“The cosmic perspective offers a bigger answer than you might expect. The chemical elements of the universe are forged in the fires of high-mass stars that end their lives in stupendous explosions, enriching their host galaxies with the chemical arsenal of life as we know it. The result? The four most common chemically active elements in the universe—hydrogen, oxygen, carbon, and nitrogen—are the four most common elements of life on Earth. We are not simply in the universe. The universe is in us.”  – Neil deGrasse Tyson

“We do not know how big space is. From our perspective, outer space begins above the planet 100 kilometers from Earth. There is no air to breathe or to scatter light from. Here, the blue gives way to black because oxygen molecules are not abundant enough to make the sky blue. Sound cannot carry because molecules are not close enough together to transmit sound between them. That’s not to say that space is empty. Gas, dust and matter float around areas of the universe, while other regions can host planets, stars and galaxies.”

When we look to the sky, the wonder of the cosmos surrounds us. Throughout history, space has captured the imagination of its observers, the mythology and discoveries shaping our universe and it’s mysteries; holding the secrets to our existence and our dreams for the future.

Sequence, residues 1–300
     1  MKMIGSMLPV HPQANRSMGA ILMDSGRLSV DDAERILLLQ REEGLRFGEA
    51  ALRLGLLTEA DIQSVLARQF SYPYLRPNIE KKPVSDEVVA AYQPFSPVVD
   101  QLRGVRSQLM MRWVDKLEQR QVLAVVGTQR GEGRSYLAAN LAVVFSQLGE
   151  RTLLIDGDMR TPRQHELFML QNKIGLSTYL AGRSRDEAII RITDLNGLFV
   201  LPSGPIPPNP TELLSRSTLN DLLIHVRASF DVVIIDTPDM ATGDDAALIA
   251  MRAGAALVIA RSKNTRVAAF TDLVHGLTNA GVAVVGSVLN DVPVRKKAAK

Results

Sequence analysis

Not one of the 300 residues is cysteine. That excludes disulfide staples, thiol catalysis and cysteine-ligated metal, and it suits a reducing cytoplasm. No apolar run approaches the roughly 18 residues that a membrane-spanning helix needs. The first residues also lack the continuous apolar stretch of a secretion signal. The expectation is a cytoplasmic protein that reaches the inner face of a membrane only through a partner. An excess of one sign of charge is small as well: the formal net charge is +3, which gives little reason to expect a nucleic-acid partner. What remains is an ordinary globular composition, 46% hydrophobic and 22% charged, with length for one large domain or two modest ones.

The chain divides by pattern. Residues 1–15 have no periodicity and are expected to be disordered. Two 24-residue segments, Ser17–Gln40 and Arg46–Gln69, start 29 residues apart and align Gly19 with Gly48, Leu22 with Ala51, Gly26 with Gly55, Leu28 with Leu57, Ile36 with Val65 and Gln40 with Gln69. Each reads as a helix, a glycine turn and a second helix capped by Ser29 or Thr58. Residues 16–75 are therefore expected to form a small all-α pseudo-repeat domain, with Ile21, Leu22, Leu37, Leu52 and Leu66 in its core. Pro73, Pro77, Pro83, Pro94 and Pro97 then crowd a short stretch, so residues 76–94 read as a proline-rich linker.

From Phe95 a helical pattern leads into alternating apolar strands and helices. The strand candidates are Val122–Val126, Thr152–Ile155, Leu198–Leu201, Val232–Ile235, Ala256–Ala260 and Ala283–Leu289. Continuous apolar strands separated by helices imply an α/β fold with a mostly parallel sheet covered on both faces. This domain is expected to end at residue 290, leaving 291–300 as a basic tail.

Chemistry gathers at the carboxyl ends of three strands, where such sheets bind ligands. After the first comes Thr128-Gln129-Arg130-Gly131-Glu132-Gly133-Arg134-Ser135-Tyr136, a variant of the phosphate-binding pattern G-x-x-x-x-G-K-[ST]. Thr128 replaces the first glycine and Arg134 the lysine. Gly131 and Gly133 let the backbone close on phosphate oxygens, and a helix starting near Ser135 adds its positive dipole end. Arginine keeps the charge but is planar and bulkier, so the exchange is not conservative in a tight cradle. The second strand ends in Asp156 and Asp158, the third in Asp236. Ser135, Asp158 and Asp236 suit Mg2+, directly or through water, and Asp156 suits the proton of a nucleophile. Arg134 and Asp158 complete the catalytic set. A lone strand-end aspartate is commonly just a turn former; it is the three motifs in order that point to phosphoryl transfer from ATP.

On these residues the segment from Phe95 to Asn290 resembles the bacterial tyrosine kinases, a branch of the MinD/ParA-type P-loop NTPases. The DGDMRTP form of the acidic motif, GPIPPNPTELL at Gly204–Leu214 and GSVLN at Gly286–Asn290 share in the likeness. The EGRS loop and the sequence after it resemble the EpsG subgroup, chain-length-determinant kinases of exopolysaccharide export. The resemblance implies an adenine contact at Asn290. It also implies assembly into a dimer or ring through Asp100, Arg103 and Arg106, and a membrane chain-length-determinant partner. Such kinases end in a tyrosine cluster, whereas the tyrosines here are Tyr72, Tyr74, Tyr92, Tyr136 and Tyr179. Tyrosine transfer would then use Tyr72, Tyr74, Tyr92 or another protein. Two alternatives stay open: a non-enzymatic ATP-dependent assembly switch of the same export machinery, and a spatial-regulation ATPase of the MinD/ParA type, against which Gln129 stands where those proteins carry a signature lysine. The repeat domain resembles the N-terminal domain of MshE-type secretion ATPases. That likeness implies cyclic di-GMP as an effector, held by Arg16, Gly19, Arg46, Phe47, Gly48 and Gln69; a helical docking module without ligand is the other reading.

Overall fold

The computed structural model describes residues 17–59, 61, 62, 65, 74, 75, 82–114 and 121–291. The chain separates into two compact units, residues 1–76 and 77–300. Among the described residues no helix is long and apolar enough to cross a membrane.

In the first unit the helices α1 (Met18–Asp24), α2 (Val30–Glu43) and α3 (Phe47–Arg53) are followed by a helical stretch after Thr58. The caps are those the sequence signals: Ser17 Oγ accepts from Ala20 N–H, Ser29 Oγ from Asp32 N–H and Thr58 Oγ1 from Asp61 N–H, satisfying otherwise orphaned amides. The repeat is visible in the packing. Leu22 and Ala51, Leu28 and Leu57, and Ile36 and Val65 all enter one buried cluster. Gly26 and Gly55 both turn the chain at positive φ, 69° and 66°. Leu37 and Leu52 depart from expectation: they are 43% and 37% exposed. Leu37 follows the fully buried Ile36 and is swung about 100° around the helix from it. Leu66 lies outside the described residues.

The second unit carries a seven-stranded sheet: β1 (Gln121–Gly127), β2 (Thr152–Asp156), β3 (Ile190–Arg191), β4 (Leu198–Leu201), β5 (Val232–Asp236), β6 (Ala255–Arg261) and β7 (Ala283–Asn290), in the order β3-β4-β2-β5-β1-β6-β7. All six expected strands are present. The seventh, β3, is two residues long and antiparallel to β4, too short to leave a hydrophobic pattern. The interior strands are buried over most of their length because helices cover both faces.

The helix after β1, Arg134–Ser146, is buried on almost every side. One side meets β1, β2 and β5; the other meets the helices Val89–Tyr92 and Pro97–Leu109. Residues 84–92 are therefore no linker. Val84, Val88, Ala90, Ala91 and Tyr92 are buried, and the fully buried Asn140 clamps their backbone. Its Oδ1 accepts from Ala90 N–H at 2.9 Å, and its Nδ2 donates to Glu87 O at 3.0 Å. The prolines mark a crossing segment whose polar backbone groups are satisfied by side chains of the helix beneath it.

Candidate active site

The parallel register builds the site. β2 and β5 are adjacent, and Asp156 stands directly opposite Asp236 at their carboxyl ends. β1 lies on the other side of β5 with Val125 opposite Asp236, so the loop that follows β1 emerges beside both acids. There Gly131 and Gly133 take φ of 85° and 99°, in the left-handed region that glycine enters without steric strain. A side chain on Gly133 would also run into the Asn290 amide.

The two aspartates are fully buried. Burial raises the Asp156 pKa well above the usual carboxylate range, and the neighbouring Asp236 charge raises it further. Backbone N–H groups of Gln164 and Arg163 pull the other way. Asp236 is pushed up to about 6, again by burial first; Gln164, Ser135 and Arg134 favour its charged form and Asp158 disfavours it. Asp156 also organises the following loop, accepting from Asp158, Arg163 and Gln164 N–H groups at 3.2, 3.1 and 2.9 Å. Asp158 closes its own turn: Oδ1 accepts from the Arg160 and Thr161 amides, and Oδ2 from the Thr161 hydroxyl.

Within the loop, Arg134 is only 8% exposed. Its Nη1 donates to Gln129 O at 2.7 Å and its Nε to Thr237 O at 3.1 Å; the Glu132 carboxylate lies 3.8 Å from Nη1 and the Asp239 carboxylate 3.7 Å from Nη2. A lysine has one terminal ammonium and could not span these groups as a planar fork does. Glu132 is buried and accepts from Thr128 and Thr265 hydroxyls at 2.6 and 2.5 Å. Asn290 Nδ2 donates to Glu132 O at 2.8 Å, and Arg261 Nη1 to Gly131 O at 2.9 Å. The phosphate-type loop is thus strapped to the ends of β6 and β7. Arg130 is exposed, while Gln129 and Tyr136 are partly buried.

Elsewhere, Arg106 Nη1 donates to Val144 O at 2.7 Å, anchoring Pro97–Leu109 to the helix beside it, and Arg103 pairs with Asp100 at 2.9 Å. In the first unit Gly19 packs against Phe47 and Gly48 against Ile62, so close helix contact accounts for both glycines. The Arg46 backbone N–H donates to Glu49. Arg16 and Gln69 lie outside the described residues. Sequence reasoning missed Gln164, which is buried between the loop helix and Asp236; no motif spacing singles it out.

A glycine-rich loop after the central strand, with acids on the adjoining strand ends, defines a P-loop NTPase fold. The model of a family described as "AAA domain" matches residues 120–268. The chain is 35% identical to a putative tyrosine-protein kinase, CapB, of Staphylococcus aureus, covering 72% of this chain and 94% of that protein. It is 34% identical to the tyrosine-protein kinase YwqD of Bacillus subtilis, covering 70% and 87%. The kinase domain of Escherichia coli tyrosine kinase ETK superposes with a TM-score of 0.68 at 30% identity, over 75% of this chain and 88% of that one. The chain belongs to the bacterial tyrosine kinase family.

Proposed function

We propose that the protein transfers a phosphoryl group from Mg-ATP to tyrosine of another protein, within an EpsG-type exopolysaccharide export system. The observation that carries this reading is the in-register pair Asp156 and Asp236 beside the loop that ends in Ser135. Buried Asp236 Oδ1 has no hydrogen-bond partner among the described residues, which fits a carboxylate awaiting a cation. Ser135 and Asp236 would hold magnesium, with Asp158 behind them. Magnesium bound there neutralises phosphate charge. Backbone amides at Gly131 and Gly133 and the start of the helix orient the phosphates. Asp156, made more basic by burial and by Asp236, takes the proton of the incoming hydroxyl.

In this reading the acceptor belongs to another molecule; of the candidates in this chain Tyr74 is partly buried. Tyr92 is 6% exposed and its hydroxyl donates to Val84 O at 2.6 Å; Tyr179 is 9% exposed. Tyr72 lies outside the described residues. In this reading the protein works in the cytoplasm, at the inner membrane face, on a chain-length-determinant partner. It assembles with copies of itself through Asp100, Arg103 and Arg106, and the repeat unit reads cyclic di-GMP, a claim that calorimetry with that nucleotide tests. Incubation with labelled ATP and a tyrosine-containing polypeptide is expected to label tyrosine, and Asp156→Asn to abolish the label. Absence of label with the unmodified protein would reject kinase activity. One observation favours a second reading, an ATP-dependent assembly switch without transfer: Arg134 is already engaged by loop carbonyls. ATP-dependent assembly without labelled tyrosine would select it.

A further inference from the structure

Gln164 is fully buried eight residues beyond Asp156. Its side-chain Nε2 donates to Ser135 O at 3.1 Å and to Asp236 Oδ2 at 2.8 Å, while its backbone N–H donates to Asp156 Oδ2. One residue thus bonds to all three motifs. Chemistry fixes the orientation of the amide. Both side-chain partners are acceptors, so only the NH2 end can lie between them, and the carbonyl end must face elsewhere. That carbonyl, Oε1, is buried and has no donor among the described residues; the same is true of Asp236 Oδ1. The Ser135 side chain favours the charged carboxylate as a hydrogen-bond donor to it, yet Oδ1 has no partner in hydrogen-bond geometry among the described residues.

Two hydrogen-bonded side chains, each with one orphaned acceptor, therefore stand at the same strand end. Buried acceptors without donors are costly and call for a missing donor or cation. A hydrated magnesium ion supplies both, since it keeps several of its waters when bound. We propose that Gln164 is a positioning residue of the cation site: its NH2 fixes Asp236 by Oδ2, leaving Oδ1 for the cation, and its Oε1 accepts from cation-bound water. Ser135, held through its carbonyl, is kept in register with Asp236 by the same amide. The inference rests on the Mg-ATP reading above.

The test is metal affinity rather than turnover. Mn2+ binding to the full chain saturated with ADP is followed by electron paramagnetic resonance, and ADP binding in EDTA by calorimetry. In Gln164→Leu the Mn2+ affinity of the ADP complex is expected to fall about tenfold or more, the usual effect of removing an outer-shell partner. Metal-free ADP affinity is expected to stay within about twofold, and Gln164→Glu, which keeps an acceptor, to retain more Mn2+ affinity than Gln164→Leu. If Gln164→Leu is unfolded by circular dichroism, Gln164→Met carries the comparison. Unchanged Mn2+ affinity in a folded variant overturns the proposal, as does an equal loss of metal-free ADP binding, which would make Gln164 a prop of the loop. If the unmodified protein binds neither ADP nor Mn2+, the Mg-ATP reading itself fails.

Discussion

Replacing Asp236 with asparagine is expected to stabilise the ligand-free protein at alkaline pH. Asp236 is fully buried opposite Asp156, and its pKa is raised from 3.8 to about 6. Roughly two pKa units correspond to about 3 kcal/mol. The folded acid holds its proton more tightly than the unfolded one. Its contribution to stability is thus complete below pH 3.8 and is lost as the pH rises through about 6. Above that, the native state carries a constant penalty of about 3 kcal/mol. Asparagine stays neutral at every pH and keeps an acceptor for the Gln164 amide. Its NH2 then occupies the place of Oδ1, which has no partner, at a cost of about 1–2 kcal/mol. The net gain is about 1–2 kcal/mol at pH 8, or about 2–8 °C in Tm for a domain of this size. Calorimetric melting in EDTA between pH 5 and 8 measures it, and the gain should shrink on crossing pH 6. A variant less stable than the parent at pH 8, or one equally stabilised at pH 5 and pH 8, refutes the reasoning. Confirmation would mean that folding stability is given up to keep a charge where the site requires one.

Faced by the Cosmos, one could be uplifted by the perspective of an endless Universe and the nature of life, as well as be crushed by the unfathomability of our own insignificance. Isn’t that the nature of all human contradictions ? “To be or not to be, that is the question.”

We can find contrasting emotions in almost any human endeavour. But Space seems to have a particular place in our hearts.

What are those shiny things in the sky?

How did we come to be here?

Are we alone in the universe?

For some, like many astronauts, Earth is the “pale blue dot” (Carl Sagan) that signifies all that we stand for. The overview effect is a dramatic shift in awareness from the experience astronauts often get while looking at earth from outer space. Seen from afar, this blue planet ignites deeply memorable and unexplainable emotions.

But who gets to live that way ?

The cosmic perspective comes naturally to us as children, and can be fed by our experiences in life. This initial drive to understand, a sense of wonder, a greater connection to everything – that has a profound, lasting impact on a personality. The Universe is in each of us, if permitted.

It is all about perspective and experiences. Do you perceive a gap between what makes you dream, what makes you tick, what you can do and what you should do ?

Then maybe, sometimes, a bit of cosmic perspective can help.

A cosmic perspective commands full attention and requires an open heart and mind. By understanding the Cosmos, we can ultimately better understand ourselves and give a strong background perspective to what we do and who we are.